Apocalypse and Millennium: Studies in Biblical Eisegesis
Cambridge University Press, 2000-08-10
EAN 9780521773348, ISBN10: 0521773342
Paperback, 264 pages, 22.8 x 22.6 x 15.4 cm
This book is about the various ways in which the Book of Revelation (the Apocalypse) has been interpreted over the last 300 years. It examines in detail Methodist, Baptist, English Anglican and Roman Catholic uses of Revelation from 1600 to 1800, and then American Millerism and Seventh-day Adventist uses from 1800 on. The book argues that, far from being a random sequence of bizarre statements, millennial schemes (including the setting of dates for the second coming of Christ) are more often characterized by complex and internally consistent interpretations of scripture. As an example, the work of David Koresh is examined at length. Koresh, styled by some the ‘Wacko from Waco’, clearly had views which some would find odd. However, his interpretation of scripture did not lack system or context, and to see him in that light is to begin to understand why his message had appeal.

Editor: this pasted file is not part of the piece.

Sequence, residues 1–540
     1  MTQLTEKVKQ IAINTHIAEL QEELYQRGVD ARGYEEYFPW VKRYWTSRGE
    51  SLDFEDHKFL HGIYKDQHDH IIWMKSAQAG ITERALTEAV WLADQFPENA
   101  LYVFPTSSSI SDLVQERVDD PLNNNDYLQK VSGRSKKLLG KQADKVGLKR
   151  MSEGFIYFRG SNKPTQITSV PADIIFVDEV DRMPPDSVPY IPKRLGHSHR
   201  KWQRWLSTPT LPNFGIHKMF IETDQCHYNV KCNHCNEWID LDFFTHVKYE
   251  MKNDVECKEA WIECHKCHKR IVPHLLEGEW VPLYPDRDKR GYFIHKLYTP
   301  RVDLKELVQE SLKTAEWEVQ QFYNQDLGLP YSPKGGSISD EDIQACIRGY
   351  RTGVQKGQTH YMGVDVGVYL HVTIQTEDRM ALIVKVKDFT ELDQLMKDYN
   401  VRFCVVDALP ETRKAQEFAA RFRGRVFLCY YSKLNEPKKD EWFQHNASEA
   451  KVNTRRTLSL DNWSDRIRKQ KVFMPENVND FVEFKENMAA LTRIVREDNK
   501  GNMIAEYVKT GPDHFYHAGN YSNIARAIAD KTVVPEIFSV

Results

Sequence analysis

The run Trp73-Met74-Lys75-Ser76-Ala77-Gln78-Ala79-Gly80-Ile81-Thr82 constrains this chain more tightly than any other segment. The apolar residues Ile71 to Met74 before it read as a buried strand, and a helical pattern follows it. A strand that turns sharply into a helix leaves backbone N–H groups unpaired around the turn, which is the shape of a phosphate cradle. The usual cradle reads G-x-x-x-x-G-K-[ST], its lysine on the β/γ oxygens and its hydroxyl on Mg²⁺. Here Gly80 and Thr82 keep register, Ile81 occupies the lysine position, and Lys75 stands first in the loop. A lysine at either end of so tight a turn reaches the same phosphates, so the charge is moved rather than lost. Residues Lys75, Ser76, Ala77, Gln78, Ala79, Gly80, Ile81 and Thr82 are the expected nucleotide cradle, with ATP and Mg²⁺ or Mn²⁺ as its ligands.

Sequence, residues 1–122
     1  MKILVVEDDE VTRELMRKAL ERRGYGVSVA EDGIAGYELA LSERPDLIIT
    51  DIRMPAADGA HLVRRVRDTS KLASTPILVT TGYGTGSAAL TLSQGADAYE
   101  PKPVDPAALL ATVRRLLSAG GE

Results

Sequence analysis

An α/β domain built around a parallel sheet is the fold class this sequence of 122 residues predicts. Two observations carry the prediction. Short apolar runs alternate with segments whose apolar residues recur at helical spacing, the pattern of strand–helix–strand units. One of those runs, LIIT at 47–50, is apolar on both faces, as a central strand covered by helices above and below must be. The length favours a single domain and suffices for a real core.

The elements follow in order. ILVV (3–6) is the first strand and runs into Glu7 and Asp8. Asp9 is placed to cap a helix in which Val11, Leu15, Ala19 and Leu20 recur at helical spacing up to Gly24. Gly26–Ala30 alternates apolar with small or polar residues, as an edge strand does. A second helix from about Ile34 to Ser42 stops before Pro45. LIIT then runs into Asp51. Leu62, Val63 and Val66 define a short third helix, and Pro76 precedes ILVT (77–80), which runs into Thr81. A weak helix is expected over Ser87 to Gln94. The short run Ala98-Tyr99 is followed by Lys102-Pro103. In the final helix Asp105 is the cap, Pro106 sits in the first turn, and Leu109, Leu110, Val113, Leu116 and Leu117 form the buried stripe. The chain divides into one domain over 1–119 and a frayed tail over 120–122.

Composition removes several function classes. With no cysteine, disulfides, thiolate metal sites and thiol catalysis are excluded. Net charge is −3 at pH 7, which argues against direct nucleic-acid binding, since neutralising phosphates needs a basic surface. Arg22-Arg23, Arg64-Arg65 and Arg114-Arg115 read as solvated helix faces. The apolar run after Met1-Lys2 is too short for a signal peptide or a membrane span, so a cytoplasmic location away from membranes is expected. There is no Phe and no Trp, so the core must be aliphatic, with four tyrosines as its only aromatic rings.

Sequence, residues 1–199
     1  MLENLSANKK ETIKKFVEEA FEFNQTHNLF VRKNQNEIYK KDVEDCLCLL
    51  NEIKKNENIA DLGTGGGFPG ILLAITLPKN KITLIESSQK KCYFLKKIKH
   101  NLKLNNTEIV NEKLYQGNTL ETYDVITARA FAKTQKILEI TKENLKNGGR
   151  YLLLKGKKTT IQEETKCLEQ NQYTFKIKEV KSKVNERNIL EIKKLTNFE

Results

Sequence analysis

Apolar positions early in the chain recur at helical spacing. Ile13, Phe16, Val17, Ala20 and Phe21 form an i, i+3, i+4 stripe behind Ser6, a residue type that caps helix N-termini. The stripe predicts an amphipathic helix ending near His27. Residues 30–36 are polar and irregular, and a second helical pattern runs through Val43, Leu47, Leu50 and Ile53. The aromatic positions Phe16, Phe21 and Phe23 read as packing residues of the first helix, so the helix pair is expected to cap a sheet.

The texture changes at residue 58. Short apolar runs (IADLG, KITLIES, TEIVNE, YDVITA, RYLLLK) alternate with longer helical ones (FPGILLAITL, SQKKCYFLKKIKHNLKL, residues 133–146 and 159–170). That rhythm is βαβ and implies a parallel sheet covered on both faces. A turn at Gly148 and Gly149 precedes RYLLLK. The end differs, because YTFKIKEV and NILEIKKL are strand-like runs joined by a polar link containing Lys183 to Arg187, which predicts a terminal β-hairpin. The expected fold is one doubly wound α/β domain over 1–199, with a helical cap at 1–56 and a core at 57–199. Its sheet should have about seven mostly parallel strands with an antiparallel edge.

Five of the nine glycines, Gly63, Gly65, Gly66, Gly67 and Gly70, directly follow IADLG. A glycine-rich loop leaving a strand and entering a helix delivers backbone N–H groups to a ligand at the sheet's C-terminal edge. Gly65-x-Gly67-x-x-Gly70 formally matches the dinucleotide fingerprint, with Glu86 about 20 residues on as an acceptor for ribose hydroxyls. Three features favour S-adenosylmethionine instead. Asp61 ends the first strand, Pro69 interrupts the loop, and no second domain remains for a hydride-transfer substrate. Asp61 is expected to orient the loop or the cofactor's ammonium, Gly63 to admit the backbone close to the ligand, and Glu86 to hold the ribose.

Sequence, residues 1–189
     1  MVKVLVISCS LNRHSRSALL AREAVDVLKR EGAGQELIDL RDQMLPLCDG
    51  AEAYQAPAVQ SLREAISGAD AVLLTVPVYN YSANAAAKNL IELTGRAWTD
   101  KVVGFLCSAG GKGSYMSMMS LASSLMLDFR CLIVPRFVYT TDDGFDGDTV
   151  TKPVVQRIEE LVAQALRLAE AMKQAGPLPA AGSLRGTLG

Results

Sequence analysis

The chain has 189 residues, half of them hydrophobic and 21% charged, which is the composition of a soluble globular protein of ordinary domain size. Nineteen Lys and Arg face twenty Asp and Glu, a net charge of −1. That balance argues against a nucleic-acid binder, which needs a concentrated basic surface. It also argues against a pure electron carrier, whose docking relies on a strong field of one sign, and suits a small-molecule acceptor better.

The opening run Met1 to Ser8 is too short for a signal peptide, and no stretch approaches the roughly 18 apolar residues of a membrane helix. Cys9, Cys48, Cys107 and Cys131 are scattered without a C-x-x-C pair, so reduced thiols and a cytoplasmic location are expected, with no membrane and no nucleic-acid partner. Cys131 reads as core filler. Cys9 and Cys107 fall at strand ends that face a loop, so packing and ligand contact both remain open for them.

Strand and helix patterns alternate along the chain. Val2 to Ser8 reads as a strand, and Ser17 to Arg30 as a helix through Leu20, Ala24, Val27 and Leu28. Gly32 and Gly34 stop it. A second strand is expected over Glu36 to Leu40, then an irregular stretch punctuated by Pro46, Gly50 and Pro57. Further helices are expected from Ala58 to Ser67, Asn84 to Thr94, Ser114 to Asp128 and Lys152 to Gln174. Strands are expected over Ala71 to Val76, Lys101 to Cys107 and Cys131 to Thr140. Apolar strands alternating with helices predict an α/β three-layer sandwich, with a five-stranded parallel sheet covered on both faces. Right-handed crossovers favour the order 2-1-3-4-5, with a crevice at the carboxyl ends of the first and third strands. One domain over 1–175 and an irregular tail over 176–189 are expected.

From the hardback review: ‘Read and be challenged!’ Baptist Times
From the hardback review: 'Well-documented and supplied with excerpts from primary source materials, Newport's study provides an intriguing look at how the book of Revelation has frequently been the victim of highly subjective exegesis. The practical result of this work is that better understanding of the exegetical assumptions and approaches of apocalyptically-minded groups like the Branch Davidians may help prevent another Waco-like disaster.' Perspectives in Religious Studies